Actually that may help you somewhat. Once you’ve cut off your own nose to spite your face, perhaps you won’t suffer so much from the stench of having to dispose of your own garbage, since that’s also paid for by your tax. Oh and for god’s sake *never* set foot in a park again, and check one of your neighbors has a ladder to rescue you when the fire service don’t show up. [Further invective deleted.]

    11. Massimo Says:

      I really don’t understand the bitterness and arrogance of some people.
      Paying taxes is a “MUST” but since “WE” pay them (or at least,
      “I” pay them) I PRETEND to be considered as any other “citizen”
      what is it strange with that ?
      A nice protest against this could be to REFUSE to pay taxes but we should
      do it EN MASSE (thing that with an attitude as some above show is, sadly,
      impossible….)

      The fantastic system that will be used for this splendid project(checks of driver’s licenses,
      bank accounts etc.) will be a HUGE waste of money in terms of manpower, time,
      whereas big head Aso could have just helped all of us with a tax deduction for everybody.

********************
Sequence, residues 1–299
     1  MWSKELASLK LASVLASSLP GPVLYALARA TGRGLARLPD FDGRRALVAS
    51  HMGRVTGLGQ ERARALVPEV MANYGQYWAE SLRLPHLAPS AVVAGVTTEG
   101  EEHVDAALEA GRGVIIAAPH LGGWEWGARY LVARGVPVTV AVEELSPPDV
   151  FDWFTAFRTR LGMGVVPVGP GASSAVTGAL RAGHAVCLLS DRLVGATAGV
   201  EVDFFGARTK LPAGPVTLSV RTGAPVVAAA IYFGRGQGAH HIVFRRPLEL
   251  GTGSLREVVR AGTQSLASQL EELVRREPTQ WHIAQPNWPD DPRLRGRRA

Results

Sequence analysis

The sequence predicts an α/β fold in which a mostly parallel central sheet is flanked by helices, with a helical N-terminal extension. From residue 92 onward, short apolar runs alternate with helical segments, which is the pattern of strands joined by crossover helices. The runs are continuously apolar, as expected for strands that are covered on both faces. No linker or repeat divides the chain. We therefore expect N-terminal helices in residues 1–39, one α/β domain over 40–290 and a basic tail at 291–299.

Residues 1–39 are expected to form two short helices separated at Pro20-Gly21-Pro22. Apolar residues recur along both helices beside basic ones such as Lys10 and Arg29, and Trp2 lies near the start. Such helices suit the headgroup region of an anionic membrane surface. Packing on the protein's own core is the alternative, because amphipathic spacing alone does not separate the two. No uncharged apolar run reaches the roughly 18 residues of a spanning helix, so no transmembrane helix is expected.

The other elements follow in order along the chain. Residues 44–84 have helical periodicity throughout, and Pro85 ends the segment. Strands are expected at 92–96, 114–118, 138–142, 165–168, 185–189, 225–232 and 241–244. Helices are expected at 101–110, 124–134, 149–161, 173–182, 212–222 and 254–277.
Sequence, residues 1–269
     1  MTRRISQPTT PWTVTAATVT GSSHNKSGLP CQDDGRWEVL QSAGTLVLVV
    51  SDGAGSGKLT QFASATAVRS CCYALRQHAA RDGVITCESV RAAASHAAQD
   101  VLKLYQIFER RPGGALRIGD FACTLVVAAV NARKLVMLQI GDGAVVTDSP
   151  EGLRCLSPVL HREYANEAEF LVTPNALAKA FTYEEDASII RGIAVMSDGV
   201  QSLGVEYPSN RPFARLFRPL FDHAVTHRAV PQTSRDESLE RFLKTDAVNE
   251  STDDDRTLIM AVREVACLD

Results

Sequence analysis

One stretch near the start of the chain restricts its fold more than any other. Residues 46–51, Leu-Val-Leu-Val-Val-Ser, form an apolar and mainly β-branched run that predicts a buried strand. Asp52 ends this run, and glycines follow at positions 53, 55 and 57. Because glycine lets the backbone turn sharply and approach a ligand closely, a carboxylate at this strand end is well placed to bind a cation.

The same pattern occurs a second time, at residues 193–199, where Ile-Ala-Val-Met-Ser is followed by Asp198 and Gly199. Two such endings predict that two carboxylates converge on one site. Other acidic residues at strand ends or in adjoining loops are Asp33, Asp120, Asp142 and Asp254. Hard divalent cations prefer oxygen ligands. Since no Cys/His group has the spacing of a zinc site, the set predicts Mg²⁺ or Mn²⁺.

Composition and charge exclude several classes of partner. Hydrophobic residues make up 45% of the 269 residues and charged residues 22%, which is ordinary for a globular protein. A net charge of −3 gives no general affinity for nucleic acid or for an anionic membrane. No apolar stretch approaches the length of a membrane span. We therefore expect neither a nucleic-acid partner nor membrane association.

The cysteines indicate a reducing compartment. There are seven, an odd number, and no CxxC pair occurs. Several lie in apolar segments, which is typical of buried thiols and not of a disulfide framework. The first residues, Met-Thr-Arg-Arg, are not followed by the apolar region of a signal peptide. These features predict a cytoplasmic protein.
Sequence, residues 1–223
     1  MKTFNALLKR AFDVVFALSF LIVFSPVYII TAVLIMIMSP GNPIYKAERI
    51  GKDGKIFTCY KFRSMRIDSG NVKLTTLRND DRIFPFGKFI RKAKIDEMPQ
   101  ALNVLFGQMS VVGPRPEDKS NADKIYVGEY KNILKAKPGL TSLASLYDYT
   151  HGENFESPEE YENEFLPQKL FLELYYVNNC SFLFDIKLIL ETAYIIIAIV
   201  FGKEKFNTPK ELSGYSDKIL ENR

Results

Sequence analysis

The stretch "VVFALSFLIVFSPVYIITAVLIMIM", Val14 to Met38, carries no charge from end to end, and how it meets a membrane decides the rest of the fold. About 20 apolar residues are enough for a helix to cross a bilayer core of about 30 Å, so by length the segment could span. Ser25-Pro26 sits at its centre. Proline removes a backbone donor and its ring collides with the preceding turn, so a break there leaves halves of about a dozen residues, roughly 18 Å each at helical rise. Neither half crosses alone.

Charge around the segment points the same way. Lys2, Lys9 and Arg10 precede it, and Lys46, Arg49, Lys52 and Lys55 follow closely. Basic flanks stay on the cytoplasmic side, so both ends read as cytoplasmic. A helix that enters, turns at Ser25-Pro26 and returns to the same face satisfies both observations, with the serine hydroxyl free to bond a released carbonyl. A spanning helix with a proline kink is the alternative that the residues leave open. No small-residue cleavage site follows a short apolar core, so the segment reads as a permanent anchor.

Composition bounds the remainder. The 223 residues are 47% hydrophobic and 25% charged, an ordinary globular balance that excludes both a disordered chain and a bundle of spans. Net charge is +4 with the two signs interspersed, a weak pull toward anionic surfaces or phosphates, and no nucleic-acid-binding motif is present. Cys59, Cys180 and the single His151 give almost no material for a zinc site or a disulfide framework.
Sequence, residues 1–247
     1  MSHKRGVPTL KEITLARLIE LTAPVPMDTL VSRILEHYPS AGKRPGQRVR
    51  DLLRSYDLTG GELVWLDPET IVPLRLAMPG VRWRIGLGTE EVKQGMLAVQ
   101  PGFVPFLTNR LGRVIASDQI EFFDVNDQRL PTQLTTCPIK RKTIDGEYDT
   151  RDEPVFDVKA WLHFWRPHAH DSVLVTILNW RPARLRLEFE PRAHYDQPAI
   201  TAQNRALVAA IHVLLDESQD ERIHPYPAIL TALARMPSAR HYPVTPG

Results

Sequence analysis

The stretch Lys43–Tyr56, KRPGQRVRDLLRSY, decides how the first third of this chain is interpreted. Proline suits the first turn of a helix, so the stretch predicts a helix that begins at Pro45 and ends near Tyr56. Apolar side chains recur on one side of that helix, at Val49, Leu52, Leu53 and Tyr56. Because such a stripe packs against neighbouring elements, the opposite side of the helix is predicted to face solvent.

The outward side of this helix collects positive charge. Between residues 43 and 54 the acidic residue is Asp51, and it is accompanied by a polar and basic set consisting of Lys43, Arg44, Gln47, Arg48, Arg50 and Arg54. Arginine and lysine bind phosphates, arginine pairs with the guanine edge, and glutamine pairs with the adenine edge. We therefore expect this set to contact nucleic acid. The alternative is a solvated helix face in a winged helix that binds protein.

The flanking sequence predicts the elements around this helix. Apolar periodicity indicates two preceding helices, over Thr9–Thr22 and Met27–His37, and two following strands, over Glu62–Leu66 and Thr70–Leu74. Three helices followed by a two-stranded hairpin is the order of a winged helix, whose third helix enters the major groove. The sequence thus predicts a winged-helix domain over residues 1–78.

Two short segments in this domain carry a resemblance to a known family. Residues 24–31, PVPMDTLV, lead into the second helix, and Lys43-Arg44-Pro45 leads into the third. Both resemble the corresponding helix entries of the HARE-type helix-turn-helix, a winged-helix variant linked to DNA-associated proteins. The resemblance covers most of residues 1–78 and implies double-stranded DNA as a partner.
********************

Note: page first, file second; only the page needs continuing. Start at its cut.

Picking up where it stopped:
And it’s also MY MONEY.

      And since IIIIIIIIIIII ALSO PAY taxes すごくムカツクンだよ!
      俺のお金もみんなに渡って俺だけに戻んないのはなんなんだよ~

      Lastly, zainichi Koreans are not fingerprinted (like we stupids are) because they
      fought for what they thought it was right. And they did it ALL together.
      Again, impossible, just look to some comments above…..

      It’s not a “hate Japan” bandwagon, it’s a “I also have my rights” bandwagon
      which in my modest opinion is good not only for me, but also to make Japan a better
      country. If I hated Japan I’d not be here 12 years and deeply studied the culture,
      literature, philosophy, arts and language. Duh.

      Politics are NOT a country.

    12. Shaun Dyer Says: